ADVANCED PLACEMENT AMERICAN HISTORY

The Progressive Presidents


*In 1901, President William McKinley—the last Civil War veteran to be president, a conservative, gold-standard Republican—was assassinated by an anarchist.  His Vice-President was Theodore Roosevelt, and his presidency is sometimes seen as the beginning of a Fourth Two-Party System in America, in which both major political parties were split internally between progressive and conservative factions, with progressives and conservatives sometimes working across party lines to promote their worldviews, a system that would last, sometimes with progressives dominant and sometimes with conservatives dominant, from about 1901 to 1933.

 

*Theodore Roosevelt (known as Teddy (although he did not like that nickname) to the public, Thee to his family, and TR for short) was the youngest man ever to become president (aged 42).  He was a progressive: he had been police commissioner of New York City, where, inspired by Jacob Riis, he had cleaned up corruption and encouraged efficiency by walking all the beats himself to check on cops on the job.

 

*In his youth he had been a cattle rancher in South Dakota until the Great Die-Up of 1886-87 destroyed his herd, so he understood the needs of farmers and ranchers, and he had also developed a love of the wilderness—once, on a hunting trip, he refused to shoot a caged bear as a photo opportunity, saying it was unsporting (although he otherwise loved to hunt), and stuffed bears have been called Teddy Bears every since. 

 

*He had been assistant to the Secretary of the Navy, and when the Spanish-American War broke out, he raised a volunteer regiment of rich easterners and wild western cowboys (called the Rough Riders) and was part of the invasion of Cuba. 

 

*He then went home and was elected Governor of New York, where he tried to clean up the entire state until the Republican Party leaders made him vice-president, hoping that he would vanish in that thankless job. 

 

*Roosevelt was a genius:  he used to have two secretaries while he was Governor of New York, so he could dictate state business to one and dictate books he was writing to the other at the same time.

 

*He was full of energy—a foreign diplomat once told another diplomat that he must understand that the President of the United States was 8 years old.  He often took advisors, diplomats, and other visitors on half-day hikes through the woods and swamps around Washington, D.C. and once insisted they all go skinny-dipping in the Potomac.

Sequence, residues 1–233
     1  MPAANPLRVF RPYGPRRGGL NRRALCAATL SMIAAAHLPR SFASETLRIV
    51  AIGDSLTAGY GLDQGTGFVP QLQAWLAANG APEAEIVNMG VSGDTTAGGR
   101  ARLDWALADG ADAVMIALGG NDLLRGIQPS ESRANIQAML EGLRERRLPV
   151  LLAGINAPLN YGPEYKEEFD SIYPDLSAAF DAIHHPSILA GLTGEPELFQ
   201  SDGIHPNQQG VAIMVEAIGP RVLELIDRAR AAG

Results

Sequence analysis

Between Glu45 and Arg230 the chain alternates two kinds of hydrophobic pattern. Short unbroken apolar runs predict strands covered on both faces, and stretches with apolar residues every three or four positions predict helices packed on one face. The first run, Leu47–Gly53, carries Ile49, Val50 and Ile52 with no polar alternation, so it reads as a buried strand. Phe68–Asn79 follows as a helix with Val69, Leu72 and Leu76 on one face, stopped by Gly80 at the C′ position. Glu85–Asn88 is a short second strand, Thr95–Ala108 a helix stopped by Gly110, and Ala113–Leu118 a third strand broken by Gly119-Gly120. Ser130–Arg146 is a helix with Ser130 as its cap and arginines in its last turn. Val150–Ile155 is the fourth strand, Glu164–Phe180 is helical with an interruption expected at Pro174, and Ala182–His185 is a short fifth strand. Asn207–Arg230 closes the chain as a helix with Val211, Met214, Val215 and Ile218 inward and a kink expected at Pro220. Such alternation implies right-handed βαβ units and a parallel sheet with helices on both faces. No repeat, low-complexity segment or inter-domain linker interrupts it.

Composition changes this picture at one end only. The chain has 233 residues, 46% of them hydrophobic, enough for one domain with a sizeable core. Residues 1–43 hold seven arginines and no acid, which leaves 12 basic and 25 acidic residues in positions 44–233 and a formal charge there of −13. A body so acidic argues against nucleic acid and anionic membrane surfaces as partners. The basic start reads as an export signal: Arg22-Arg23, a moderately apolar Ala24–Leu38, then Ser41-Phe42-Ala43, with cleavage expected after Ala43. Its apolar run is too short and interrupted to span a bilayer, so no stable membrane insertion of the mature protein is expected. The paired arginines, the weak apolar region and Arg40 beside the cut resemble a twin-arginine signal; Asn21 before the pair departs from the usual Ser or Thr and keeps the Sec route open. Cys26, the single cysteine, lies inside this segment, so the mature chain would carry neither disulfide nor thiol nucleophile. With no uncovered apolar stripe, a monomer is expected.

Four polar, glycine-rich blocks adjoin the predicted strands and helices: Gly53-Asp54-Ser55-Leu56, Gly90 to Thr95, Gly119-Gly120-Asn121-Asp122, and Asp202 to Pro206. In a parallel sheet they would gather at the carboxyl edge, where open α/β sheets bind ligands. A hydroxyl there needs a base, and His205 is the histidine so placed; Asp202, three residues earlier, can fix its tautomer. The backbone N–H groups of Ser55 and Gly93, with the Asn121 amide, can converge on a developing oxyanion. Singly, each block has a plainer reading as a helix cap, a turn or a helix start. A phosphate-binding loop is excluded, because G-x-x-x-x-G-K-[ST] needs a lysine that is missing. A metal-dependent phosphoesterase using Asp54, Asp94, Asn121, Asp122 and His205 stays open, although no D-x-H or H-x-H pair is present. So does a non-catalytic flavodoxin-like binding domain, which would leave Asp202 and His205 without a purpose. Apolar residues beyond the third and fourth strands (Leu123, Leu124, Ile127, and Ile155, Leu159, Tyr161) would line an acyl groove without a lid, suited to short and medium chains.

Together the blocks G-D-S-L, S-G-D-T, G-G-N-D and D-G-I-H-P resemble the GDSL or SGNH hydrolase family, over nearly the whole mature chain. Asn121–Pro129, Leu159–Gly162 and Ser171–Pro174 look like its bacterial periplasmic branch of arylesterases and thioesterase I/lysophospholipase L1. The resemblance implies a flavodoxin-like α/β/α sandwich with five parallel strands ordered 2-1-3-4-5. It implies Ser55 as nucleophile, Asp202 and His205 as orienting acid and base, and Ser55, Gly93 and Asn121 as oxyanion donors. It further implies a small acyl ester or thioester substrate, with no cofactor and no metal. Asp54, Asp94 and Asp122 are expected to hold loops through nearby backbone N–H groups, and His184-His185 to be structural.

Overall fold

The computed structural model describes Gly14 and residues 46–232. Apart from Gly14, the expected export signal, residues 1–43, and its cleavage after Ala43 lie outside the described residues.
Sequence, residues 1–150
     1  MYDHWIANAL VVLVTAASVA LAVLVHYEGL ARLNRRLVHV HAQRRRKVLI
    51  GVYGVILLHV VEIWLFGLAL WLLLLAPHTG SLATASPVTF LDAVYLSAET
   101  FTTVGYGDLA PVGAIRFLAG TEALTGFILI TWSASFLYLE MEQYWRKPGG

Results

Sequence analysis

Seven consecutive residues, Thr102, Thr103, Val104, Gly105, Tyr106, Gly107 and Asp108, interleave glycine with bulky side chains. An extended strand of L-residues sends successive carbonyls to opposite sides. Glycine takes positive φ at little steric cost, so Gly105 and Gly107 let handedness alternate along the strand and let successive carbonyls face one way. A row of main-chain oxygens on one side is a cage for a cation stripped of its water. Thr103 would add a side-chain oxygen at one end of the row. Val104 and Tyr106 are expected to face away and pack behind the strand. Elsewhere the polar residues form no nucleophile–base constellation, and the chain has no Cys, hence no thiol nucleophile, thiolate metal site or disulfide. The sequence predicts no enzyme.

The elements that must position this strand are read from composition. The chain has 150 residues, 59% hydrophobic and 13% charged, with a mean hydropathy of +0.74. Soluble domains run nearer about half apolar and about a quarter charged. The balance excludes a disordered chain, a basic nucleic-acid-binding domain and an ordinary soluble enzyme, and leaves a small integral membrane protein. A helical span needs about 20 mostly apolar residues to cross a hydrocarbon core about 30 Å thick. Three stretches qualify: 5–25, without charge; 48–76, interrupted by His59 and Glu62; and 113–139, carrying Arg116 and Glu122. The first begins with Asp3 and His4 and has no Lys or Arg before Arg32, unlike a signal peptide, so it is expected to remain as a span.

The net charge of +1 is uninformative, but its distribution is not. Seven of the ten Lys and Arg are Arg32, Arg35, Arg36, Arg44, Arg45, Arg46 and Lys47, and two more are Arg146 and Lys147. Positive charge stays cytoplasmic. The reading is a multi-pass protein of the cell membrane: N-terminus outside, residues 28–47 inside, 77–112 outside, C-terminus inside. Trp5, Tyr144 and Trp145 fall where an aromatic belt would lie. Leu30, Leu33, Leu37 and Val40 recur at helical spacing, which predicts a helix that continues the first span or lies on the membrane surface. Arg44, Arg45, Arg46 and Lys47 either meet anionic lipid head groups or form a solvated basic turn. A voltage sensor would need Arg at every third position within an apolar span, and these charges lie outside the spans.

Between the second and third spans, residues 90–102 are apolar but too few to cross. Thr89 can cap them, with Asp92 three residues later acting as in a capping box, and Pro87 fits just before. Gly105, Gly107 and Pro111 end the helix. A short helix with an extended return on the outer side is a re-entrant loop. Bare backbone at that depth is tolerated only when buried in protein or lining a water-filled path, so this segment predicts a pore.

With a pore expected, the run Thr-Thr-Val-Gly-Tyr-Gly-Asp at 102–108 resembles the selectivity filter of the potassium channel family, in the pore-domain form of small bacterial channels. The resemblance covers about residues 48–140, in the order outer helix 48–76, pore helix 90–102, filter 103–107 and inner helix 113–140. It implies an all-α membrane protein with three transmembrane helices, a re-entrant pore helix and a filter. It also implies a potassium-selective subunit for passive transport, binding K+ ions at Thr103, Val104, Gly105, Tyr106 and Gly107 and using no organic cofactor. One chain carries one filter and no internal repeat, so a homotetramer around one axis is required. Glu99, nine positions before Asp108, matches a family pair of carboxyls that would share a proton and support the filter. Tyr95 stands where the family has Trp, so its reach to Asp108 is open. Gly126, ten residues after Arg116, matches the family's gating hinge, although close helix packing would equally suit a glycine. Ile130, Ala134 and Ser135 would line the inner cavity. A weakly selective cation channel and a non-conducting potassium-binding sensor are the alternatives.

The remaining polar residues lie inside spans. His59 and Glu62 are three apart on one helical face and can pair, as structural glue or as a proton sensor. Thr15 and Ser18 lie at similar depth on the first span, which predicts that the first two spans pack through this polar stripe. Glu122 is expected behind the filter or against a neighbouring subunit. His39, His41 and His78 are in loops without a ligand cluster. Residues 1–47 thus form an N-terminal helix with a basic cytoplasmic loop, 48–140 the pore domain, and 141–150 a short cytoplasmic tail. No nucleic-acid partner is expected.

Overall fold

*While most of Roosevelt's children were respectable, his oldest daughter, Alice, was scandalous.  She smoked cigars and married the infamously philandering senator Nick Longworth (although he never complained when, relatively late in life, she had a child that markedly resembled another member of Congress).  She was a famous gossip, telling people at parties that 'if you don't have anything nice to say, come sit by me.'

 

*Roosevelt expanded the power of the presidency, as he used it as a bully pulpit (a splendid position from which to present his views) to reform the nation.  He called his plan the Square Deal, based, he said, on giving everyone a fair chance.   

 

*Roosevelt was an upright and moral man, and used the power of the government to fulfill specific, positive goals without running up a big debt.  In the process, he made the presidency again the strongest office in the Federal Government and is often considered to have created the modern presidency.  

 

*He said a man should speak softly, but carry a big stick, although he himself rarely spoke softly. 

 

*TR took on both the trusts and the unions. 

 

*In 1902, anthracite coal miners in Pennsylvania belonging to the United Mine Workers of America demanded an 8-hour work day and a 20% pay raise--they had not had a raise in years.  The bosses ignored them, knowing they had enough coal to last for months, and that as the supply dwindled, the price (and thus their profits) would go up.  In May, the miners went on strike, and in June, other workers in the area went on sympathy strikes.  Scabs, the police, the Pennsylvania National Guard, and detectives were all called in, a few people were killed, and it looked like violence might break out on a large scale, as had often happened when the Western Federation of Miners had gone on strike.

 

*TR knew people needed coal to keep warm in the winter, and factories always needed it, so the strike had to end quickly.  As Roosevelt told Mark Hanna (who had his own investments in Midwestern bituminous mines), "A coal famine in the winter is an ugly thing and I fear we shall see terrible suffering and grave disaster." 

 

*Whereas in the past, the government had always sided with the mine owners, TR first tried to get them to listen to the miners’ complaints.  When they would not, he threatened to send in the army to take over the mines and run them himself.  To avoid this, the mine owners and the unions agreed to allow a commission to find a solution, and the strike ended in October, 1902. 

 

*It took the commission three months to reach a conclusion, and in the end, it split the difference between the miners' demands and the owners' intransigence:  it gave the miners a 10% pay raise and a 9-hour working day.  The miners went back to work, feeling that this was a victory, but the mine owners were not required to officially recognise the union.

 

*In February, 1903, TR created a new cabinet department, Commerce and Labor (split into two cabinet posts in 1913), to deal with labour and business issues in the future.